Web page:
Tag Archives: Andrew McTaggart

REVIEW: The Cabinet of Dr. Caligari – Woodside Hall, Glasgow

In the atmospheric surroundings of Glasgow’s Woodside Hall, Psycho-like screeching strings from the barefoot orchestra clad in Edwardian garb and flashing strings of fairground lights, transport the audience back to turn of the century and the world of Dr. Caligari.

Taking as its inspiration the 1920 silent movie classic of the same name, Scottish Opera’s Connect company’s The Cabinet of Dr Caligari moves back in time to 1901 and resets the action to Glasgow instead of Germany.

Francis takes his girlfriend Jane and her best friend Ellen to the fair at Glasgow Green, among the fortune tellers and snake oil salesmen, in his Cabinet of Fate, Dr Gallagher presents a somnambulist, Cesare who can predict the future while in his sleeping state. When Cesare’s prophecy that Ellen will die that very night comes true, and Francis comes under suspicion for the murder, he and Jane begin to investigate with devastating consequences.

Under Julie Brown’s sure-footed direction, and enhanced by Lisa Sangster’s set and Kate Bonney’s lighting design, a comprehensive cast of characters colour the stage in Karen MacIver and Allan Dunn’s atmospheric and melodic work. The music and libretto are compelling throughout and its short running time (around 75 minutes) ensures that the audience is gripped from start to finish.

Despite the small size of the performance venue there are issues with projection from the young company who are often overwhelmed by the fine-sounding orchestra and dialogue is lost in several places, however, in the cast of 32 there are some stand-out performances which bode well for the future of opera in Scotland. Previous Scottish Opera Emerging Artists Andrew McTaggart and Sarah Power’s experience clearly shows, both delivering strong vocal performances as Caligari/Gallagher and Jane, the female chorus too are beautifully harmonious. Young tenor Glen Cunningham shows promise but needs to work on projecting his melodious voice and as Cesare, Daniel Keating Roberts provides novelty with his countertenor voice, but is somewhat lacking in his delivery.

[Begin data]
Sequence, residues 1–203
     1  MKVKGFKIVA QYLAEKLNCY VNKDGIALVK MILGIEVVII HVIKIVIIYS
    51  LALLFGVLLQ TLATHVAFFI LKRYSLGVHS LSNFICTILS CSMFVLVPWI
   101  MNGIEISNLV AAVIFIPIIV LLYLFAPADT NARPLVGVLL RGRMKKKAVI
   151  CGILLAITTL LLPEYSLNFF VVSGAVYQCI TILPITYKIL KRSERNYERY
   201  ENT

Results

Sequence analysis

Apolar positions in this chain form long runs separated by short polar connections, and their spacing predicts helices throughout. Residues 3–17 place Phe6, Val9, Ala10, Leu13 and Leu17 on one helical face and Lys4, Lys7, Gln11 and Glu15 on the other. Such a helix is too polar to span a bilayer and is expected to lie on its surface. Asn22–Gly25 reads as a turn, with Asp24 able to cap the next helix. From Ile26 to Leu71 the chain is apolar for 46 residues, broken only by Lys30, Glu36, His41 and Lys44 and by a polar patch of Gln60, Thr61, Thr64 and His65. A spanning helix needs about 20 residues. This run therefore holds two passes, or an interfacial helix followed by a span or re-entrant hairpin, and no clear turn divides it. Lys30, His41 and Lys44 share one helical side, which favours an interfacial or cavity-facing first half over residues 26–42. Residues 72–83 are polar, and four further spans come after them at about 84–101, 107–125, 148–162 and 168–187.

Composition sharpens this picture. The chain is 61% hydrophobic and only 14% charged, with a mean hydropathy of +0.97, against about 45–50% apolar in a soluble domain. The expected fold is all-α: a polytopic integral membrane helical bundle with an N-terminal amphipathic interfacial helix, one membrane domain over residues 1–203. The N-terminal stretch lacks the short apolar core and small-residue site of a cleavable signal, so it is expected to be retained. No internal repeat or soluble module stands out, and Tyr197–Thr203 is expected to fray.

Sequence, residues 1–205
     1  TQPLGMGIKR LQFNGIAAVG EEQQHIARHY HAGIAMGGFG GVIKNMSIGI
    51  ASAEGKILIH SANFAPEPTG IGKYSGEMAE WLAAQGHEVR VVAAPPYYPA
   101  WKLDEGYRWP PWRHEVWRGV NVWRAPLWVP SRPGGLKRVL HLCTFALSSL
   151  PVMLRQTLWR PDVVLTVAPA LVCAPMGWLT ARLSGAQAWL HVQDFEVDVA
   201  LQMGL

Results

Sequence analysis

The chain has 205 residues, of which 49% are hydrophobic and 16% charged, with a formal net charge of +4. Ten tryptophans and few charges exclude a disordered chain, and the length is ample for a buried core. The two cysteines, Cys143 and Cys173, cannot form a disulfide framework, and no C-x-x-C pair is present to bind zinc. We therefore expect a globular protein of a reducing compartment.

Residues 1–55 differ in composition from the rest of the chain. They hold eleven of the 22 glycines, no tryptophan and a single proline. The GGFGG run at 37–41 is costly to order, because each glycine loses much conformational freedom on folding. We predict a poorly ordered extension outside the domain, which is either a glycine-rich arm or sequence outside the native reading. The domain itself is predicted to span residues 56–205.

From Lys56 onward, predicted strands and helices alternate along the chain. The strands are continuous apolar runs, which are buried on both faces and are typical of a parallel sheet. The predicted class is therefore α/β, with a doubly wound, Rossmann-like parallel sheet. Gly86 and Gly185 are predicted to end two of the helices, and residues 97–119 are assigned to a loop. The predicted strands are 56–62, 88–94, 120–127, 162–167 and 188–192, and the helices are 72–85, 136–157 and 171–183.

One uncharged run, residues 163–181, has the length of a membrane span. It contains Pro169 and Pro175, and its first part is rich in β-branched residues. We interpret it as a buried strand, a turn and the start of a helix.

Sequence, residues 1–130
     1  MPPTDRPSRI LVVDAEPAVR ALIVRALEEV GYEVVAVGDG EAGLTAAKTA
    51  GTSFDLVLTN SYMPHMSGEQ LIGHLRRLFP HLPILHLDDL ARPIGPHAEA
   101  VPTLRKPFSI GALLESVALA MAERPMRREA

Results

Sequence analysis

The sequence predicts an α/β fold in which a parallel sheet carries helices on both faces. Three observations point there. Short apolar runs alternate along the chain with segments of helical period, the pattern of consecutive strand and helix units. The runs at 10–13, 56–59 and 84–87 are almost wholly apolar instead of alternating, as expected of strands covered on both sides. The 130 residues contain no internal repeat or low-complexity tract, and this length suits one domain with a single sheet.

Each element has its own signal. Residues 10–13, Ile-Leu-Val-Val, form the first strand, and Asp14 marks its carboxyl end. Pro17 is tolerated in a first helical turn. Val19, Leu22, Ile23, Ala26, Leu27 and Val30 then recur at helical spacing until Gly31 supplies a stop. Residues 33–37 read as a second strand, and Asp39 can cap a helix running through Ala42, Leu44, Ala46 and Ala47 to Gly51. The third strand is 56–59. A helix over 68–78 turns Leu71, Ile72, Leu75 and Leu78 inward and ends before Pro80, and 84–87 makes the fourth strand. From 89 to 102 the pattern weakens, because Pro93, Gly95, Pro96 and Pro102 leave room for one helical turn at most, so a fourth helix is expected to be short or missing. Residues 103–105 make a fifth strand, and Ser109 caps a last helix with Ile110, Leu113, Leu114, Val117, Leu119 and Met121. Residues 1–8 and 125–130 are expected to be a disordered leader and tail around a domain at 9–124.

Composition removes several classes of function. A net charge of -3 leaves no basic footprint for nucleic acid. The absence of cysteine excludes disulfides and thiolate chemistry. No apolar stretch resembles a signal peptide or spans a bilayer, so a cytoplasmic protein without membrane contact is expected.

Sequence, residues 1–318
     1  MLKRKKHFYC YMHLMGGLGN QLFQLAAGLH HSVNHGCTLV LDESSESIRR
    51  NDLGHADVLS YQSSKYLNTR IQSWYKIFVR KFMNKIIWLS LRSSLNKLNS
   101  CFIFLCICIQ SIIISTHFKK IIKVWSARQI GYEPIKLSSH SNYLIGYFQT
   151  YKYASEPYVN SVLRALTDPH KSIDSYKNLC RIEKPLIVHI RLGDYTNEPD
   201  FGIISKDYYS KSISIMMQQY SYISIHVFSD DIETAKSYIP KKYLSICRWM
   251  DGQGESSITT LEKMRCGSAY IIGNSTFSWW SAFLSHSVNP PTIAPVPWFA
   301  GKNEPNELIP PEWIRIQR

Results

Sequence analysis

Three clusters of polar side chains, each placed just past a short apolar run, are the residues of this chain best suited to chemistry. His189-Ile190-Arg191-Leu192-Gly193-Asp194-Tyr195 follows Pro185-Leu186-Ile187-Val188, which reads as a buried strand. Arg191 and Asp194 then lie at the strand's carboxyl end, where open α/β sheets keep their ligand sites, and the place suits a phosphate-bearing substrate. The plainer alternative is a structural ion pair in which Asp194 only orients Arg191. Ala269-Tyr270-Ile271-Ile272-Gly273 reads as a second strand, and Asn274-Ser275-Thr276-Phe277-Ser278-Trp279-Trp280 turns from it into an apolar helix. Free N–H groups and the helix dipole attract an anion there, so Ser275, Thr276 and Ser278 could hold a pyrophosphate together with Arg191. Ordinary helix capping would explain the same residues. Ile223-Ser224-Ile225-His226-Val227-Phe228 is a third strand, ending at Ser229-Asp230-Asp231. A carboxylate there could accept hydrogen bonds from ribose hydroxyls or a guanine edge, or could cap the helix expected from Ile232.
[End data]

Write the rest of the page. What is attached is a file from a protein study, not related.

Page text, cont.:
Scottish Opera’s Connect programme provides the only opportunity for young Scottish musicians aged 14-21 to explore the world of opera and The Cabinet of Dr Caligari is the third world premier in eight years for Connect. The company’s commitment to innovation and the creation of new work must be applauded and if future works are of as high quality and as engaging and entertaining as Caligari then the future of opera in Scotland looks bright.

 

REVIEW: Carmen, Scottish Opera – Theatre Royal, Glasgow

Its accessibility; clarity of narrative; portrayal of an independent, strong-minded woman and a clutch of knockout, familiar tunes make Georges Bizet’s Carmen undoubtedly one of the best-loved operas of all time and certainly one of the most frequently performed (though, surprisingly not in Scotland*).

Scottish Opera present a re-working of Patrice Caurier and Moshe Leiser’s 1999 staging of the work. Forming a bridge between the era of Opéra Comique and the realism of the later 19th Century Italian opera, Carmen is the perfect first opera. Bizet’s skill in representing character through music, the clear, linear narrative and the block-busting tunes, rarely fail to entrance.

Scottish Opera have delivered a solid, traditional and atmospheric production with a top-notch cast. Lithuanian mezzo-soprano Justina Gringyte is impressive as the head-strong gypsy temptress and her powerful voice does full justice to Bizet’s glorious score. Noah Stewart is velvet-voiced as the wronged Don Jose, and Roland Wood a solid, if unremarkable Escamillo. Nadine Livingstone is a beautiful sounding Micaela, but her tendency to whimper too much fails to gain the audiences sympathy and the chemistry between her and Stewart’s Don Jose is non-existent. There’s strong support from the other featured roles, in particular, Timothy Dickinson who delivers a memorable Zuniga.

The choruses both child and adult (especially the chain-smoking, primary school aged tykes, blowing smoke with an attitude and insouciance that belies their years) are glorious and produce a rich sound that is a treat for the ears.